The effect of an immunomodulator (parapoxvirus ovis) on cell-mediated immunity (CMI) in abruptly weaned foals

Amanda A. Adams, David W. Horohov

Research output: Contribution to journalArticlepeer-review

7 Scopus citations


The weaning process of foals involves a period of considerable stress which likely contributes to an increased risk of infectious disease in these young horses. Mechanisms responsible for this heightened risk of infection remain unknown, although likely due to compromised cell-mediated immunity. Parapoxvirus ovis (PPVO), an immmunomodulator, has been shown to limit the severity of infectious disease outbreaks among horses and has been shown to enhance CMI responses. Thus, an objective of this study was to investigate the effect of PPVO therapy on cell-mediated immune (CMI) responses of abruptly weaned foals. A group of foals (n=. 6) were given an intramuscular injection of PPVO on days -2, 0 (weaning) and 9. An additional group of foals (n=. 5) received the diluent only on the same days serving as controls. Peripheral blood samples were collected from all foals prior to weaning (day 0) and on days 1, 3, 5, 7, 9, 11, 14, and 21 after weaning. Whole blood samples were prepared to determine in vivo cytokine mRNA expression by reverse transcription and real-time PCR (RT-PCR). Peripheral blood mononuclear cells (PBMC) were isolated and stimulated to determine in vitro cytokine production by intracellular staining using flow cytometry and gene expression was measured by RT-PCR. Cytokines analyzed in this study were interferon-gamma (IFN-γ), tumor necrosis factor-alpha (TNF-α) and interleukin-10 (IL-10). Regardless of PPVO treatment, foals undergoing the weaning process showed a significant decrease in both in vivo and in vitro cytokine (IFN-γ, TNF-α and IL-10) production. These results indicate that abrupt weaning significantly impacts CMI of the foal which may increase susceptibility to infectious agents.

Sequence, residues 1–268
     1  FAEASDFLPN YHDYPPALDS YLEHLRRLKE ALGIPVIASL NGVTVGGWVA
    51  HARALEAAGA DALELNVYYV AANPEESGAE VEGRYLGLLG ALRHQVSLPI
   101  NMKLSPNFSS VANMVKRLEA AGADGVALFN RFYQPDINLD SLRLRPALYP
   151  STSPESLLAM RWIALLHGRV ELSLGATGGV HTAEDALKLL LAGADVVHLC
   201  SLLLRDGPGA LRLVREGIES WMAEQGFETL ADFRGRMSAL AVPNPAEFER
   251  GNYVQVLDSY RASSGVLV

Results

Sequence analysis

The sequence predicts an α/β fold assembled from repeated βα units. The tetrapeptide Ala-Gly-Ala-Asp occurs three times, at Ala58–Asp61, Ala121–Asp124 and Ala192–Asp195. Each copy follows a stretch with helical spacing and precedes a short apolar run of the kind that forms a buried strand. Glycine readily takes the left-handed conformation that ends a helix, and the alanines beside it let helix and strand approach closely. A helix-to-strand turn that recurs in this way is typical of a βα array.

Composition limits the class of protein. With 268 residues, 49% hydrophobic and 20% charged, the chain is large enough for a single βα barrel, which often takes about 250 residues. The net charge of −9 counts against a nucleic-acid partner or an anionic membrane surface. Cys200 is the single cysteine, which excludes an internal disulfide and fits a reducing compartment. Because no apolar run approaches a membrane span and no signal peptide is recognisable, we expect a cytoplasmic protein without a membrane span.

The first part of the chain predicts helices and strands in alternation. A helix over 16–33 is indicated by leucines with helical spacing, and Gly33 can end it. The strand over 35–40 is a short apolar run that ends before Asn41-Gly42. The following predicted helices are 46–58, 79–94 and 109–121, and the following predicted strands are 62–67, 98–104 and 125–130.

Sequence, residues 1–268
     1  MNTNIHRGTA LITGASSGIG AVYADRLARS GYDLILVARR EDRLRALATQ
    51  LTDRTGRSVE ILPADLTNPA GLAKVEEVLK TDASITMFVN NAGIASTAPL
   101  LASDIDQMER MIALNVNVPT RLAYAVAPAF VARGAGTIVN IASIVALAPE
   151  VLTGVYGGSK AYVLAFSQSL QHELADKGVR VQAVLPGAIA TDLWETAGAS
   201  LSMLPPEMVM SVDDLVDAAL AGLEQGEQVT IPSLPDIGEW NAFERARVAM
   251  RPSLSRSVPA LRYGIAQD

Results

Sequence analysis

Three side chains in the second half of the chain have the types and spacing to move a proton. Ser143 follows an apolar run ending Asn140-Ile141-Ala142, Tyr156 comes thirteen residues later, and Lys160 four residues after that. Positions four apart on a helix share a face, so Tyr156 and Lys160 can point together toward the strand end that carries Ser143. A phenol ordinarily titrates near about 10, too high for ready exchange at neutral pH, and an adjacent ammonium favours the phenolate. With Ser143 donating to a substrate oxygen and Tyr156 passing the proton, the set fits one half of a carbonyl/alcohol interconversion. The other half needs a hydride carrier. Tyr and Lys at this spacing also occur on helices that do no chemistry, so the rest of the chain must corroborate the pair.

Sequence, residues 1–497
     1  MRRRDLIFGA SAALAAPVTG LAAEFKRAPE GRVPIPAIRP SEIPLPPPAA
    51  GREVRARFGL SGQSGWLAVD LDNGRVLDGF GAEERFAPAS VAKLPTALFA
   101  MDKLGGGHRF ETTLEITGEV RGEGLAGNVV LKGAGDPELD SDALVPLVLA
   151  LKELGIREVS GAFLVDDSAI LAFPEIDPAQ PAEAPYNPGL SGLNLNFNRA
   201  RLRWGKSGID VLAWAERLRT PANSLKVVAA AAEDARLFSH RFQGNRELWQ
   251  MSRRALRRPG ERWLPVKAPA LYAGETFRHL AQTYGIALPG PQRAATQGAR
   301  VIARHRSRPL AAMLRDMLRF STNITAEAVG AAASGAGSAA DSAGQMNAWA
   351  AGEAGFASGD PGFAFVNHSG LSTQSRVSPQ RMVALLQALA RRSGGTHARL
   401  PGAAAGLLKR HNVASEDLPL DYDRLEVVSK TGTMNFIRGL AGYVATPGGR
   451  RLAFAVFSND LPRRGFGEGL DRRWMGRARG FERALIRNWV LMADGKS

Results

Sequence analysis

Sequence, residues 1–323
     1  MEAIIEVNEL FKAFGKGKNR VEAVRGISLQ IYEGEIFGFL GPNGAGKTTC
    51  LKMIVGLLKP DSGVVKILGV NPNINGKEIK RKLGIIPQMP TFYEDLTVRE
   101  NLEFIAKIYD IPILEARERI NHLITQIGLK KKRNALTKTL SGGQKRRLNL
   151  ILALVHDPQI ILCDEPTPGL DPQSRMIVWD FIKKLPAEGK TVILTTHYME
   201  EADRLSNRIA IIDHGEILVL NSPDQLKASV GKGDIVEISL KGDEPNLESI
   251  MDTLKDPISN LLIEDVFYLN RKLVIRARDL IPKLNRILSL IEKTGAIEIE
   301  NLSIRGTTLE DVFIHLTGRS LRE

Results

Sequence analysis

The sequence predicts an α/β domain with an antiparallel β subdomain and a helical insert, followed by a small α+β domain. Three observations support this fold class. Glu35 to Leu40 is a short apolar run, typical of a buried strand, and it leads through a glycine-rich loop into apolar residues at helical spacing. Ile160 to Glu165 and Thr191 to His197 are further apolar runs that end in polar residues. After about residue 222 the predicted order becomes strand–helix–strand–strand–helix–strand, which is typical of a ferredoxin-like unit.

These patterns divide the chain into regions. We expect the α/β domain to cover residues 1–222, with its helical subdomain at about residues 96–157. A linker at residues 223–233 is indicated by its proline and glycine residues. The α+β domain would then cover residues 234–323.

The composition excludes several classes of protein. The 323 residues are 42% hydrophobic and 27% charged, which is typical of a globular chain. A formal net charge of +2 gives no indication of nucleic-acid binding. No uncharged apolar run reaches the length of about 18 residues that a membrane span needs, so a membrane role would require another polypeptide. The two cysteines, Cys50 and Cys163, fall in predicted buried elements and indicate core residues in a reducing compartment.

Original languageEnglish
Pages (from-to)118-122
Number of pages5
JournalVeterinary Immunology and Immunopathology
Issue number1-2
StatePublished - 2013

Bibliographical note

Funding Information:
This work was supported by Jeffrey C. Hughes Foundation, University of Kentucky . The authors gratefully acknowledge Mr. Lynn Ennis, University of Kentucky's Maine Chance Farm for their outstanding management and care of the ponies during the trial. We thank Ms. Alejandra Betancourt for her technical assistance. We would like to acknowledge Dr. Robert Holland with Pfizer Animal Health Inc. for providing the PPVO preparation for this study.


  • Cytokine
  • Equine
  • Immune
  • Weaning

ASJC Scopus subject areas

  • Immunology
  • Veterinary (all)


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